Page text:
A physician begins compiling a medical file when a patient chooses to share intimate details about his or her life in the course of medical consultation. The patient "entrusts" this personal information to the physician for medical purposes. It is important to keep in mind the nature of the physician-patient relationship within which the information is confided. In Kenny v. Lockwood,  O.R. 141 (C.A.), Hodgins J.A. stated, at p. 155, that the relationship between physician and patient is one in which "trust and confidence" must be placed in the physician. This statement was referred to with approval by LeBel J. in Henderson v. Johnston,  O.R. 789, who himself characterized the physician-patient relationship as "fiduciary and confidential", and went on to say: "It is the same relationship as that which exists in equity between a parent and his child, a man and his wife, an attorney and his client, a confessor and his penitent, and a guardian and his ward" (p. 799). Several academic writers have similarly defined the physician-patient relationship as a fiduciary or trust relationship; see, for example, E. I. Picard, Legal Liability of Doctors and Hospitals in Canada (2nd ed. 1984), at p. 3; A. Hopper, "The Medical Man's Fiduciary Duty" (1973), 7 Law Teacher 73; A. J. Meagher, P. J. Marr and R. A. Meagher, Doctors and Hospitals: Legal Duties (1991), at p. 2; M. V. Ellis, Fiduciary Duties in Canada (1988), at p. 10-1. I agree with this characterization.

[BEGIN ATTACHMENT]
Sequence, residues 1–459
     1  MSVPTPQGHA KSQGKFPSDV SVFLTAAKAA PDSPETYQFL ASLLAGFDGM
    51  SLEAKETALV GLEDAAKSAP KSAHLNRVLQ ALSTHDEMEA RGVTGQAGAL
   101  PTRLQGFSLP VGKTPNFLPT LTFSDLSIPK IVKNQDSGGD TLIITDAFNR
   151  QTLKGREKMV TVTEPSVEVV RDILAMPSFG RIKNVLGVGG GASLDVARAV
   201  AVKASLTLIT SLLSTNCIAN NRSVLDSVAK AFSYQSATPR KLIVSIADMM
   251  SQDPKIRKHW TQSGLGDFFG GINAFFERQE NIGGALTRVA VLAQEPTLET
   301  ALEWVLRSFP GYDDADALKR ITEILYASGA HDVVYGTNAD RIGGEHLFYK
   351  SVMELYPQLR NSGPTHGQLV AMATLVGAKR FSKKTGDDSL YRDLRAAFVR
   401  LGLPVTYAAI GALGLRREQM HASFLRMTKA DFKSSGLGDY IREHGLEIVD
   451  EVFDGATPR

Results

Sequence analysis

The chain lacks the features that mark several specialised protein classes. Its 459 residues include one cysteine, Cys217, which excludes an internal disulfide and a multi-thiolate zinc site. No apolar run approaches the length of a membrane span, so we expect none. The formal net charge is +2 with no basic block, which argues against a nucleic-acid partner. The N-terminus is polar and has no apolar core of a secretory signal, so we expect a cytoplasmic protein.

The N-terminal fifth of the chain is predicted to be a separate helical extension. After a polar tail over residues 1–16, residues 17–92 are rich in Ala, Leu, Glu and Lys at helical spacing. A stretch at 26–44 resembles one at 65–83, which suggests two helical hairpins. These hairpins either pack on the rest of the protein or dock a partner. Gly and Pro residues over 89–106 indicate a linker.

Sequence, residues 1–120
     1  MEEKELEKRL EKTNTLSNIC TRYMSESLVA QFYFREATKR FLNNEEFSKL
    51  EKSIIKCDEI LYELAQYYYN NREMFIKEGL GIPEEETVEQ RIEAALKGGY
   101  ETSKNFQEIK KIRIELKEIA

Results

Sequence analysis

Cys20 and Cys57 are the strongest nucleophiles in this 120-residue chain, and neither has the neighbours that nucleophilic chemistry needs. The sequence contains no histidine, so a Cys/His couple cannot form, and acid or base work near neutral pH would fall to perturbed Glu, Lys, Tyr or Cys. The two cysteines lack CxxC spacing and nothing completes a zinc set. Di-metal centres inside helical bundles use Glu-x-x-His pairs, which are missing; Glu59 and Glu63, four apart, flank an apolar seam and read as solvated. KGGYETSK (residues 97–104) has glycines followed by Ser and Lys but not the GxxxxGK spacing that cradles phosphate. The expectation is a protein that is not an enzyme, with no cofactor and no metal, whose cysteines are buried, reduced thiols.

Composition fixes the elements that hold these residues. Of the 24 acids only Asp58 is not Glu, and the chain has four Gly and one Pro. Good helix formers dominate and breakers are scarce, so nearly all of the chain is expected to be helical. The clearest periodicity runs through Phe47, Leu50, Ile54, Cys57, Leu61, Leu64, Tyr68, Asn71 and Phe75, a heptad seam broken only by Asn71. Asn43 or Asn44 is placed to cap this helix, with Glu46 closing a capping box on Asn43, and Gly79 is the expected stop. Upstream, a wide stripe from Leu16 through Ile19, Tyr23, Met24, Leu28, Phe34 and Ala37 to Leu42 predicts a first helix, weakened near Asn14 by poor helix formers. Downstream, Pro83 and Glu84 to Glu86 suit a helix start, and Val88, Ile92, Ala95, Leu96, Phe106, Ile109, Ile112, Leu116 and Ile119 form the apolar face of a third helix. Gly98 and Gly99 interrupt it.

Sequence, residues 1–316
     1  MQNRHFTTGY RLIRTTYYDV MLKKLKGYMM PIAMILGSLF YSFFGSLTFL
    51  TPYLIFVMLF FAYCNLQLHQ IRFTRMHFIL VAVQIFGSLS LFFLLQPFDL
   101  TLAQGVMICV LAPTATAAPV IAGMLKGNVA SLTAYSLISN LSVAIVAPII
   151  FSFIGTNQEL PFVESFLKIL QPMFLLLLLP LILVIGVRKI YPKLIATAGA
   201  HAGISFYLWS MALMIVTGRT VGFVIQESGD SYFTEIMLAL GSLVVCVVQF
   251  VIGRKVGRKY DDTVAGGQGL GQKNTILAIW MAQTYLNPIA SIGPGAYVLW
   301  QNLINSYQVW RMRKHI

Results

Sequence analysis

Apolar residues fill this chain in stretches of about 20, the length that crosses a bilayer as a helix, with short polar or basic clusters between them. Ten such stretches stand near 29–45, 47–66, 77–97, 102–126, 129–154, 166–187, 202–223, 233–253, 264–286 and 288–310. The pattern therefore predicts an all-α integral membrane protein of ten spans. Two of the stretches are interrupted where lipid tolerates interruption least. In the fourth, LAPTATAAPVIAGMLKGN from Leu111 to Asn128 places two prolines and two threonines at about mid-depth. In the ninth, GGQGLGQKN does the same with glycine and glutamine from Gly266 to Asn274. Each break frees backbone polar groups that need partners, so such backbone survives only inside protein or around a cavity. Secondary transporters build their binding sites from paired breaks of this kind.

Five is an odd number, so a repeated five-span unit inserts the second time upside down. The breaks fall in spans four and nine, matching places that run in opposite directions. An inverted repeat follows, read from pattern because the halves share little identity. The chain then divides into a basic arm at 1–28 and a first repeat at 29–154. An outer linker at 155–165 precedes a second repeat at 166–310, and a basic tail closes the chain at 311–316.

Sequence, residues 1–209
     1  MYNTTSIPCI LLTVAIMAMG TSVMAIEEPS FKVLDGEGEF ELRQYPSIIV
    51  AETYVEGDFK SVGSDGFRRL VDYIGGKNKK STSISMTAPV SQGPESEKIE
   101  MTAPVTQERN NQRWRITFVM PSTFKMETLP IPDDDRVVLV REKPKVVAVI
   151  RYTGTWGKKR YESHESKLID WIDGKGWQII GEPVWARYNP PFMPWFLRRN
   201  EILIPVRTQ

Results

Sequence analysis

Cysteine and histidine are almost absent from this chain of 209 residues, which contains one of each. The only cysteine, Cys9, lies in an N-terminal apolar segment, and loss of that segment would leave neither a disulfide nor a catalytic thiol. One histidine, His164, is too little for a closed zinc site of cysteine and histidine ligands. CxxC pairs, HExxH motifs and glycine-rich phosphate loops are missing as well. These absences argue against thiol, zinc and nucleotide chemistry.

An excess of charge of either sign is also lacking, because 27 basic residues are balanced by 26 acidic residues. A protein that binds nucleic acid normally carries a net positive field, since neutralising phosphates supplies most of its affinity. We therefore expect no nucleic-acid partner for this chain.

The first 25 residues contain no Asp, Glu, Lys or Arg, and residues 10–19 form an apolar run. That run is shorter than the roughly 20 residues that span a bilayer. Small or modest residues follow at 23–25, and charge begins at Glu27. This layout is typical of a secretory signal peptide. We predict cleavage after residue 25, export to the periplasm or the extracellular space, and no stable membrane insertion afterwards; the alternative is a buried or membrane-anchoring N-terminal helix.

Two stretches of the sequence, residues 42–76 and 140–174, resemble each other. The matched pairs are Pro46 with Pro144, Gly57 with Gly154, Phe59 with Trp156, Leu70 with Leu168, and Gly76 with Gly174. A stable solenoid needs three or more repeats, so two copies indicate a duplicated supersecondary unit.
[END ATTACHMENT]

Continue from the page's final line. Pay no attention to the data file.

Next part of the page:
In characterizing the physician-patient relationship as "fiduciary", I would not wish it to be thought that a fixed set of rules and principles apply in all circumstances or to all obligations arising out of the doctor-patient relationship. As I noted in Canson Enterprises Ltd. v. Boughton & Co.,  3 S.C.R. 534, not all fiduciary relationships and not all fiduciary obligations are the same; these are shaped by the demands of the situation. A relationship may properly be described as "fiduciary" for some purposes, but not for others. That being said, certain duties do arise from the special relationship of trust and confidence between doctor and patient. Among these are the duty of the doctor to act with utmost good faith and loyalty, and to hold information received from or about a patient in confidence. (Picard, supra, at pp. 3 and 8; Ellis, supra, at pp. 10-1 and 10-12, and Hopper, supra, at pp. 73-74.) When a patient releases personal information in the context of the doctor-patient relationship, he or she does so with the legitimate expectation that these duties will be respected.